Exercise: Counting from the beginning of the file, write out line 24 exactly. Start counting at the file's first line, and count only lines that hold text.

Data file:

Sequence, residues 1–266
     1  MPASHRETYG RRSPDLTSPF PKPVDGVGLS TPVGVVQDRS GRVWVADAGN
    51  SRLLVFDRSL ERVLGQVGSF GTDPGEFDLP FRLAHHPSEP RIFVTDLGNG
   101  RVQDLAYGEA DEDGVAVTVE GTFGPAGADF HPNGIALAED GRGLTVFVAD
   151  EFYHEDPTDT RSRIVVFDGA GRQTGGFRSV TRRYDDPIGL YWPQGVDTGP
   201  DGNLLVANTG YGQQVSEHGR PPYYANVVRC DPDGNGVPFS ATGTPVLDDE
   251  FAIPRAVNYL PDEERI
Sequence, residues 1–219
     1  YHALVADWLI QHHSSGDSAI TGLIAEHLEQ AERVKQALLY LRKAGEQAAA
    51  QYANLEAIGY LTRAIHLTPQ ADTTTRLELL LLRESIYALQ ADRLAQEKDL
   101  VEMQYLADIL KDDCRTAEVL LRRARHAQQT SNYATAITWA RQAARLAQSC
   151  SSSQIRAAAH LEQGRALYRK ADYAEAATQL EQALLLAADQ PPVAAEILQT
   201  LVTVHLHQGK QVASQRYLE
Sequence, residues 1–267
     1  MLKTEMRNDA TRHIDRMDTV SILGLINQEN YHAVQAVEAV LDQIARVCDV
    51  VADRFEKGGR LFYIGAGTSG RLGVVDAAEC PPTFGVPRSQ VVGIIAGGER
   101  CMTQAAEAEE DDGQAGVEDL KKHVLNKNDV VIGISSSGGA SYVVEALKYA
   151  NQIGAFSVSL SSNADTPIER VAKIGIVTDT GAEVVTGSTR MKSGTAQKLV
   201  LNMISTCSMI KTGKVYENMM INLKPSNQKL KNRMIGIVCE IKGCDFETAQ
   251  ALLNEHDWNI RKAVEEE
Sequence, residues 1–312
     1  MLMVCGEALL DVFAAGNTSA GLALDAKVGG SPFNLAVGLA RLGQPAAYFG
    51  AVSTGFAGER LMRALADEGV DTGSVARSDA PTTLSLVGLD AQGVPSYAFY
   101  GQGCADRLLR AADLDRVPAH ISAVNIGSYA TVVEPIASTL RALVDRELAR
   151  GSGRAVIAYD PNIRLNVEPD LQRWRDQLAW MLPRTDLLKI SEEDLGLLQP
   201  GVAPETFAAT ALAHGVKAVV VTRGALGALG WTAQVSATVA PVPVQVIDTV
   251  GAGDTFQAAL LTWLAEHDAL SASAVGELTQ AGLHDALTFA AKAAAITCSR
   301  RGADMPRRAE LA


   101  GQGCADRLLR AADLDRVPAH ISAVNIGSYA TVVEPIASTL RALVDRELAR